He has a lot of accusations to level at other people, but Judicial Watch has some pointed questions that he seems to be dodging.
Questions about IDs and illegal aliens.
A conservative Washington-based group has sued the Mayor Pete Buttigieg administration and South Bend Common Council, alleging the city has violated Indiana’s public records law by refusing to disclose staff emails related to a program that provides identification cards to undocumented immigrants.
The suit, filed this week in St. Joseph Circuit Court by Judicial Watch, details four denied records requests that the organization filed with the city. The requests sought emails exchanged between various city officials and La Casa de Amistad, the nonprofit Latino advocacy group that issues the cards.
La Casa in December 2016 began issuing the community resident card, branded as “SB ID,” to undocumented immigrants to help them conduct routine daily activities, such as picking up children from school or day care, providing identification to police, obtaining college transcripts, library cards and prescriptions, and clearing background checks needed to volunteer at schools.
They were very pleased with this plan, and the fact that cards were being renewed.
Judicial Watch made some information requests but was stonewalled by increasingly stringent and, they believe, unreasonable requirements on FOIA requests.
But by the end of 2016, the city’s legal team had decided that cardholders’ identities might be disclosable under Indiana’s Access to Public Records Act if the city, a public entity, issued the cards, so La Casa agreed to do it instead, Centellas said.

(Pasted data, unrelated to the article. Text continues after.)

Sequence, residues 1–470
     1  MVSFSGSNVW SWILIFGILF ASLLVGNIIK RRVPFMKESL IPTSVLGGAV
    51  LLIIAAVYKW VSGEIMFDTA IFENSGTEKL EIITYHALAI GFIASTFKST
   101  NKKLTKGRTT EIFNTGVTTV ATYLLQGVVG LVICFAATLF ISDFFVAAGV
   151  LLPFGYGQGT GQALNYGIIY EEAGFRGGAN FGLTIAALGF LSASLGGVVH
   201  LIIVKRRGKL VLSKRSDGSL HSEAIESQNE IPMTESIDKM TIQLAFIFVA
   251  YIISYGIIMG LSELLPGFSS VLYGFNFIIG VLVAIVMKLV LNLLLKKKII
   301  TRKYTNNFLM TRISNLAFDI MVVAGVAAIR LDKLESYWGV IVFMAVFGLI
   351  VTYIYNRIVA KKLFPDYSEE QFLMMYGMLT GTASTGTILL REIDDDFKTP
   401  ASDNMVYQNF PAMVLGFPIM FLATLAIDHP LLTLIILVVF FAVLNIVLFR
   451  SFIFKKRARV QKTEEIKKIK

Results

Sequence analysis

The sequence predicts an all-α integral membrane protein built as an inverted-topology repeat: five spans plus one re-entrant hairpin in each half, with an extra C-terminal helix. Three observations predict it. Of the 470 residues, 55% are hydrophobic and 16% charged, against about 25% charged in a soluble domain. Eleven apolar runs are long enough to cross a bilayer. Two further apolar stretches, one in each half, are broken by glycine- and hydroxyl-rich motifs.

…The lawsuit alleges that Judicial Watch has repeatedly requested the emails, refining its requests as the city imposed more requirements. For example, the suit alleges the city required that requests for emails between city staff and La Casa employees also include the La Casa employees’ email addresses, which is “not supported by APRA or relevant case law.”
Luke Britt, Indiana’s Public Access Counselor, declined to comment on pending litigation. But speaking generally, Britt said he typically advises public entities to disclose requested emails if names are provided, without also requiring email addresses.
If they are working so VERY hard to keep this secret, we can’t help but wonder:
What are they hiding?
Related voter fraud stories (see a pattern forming?)…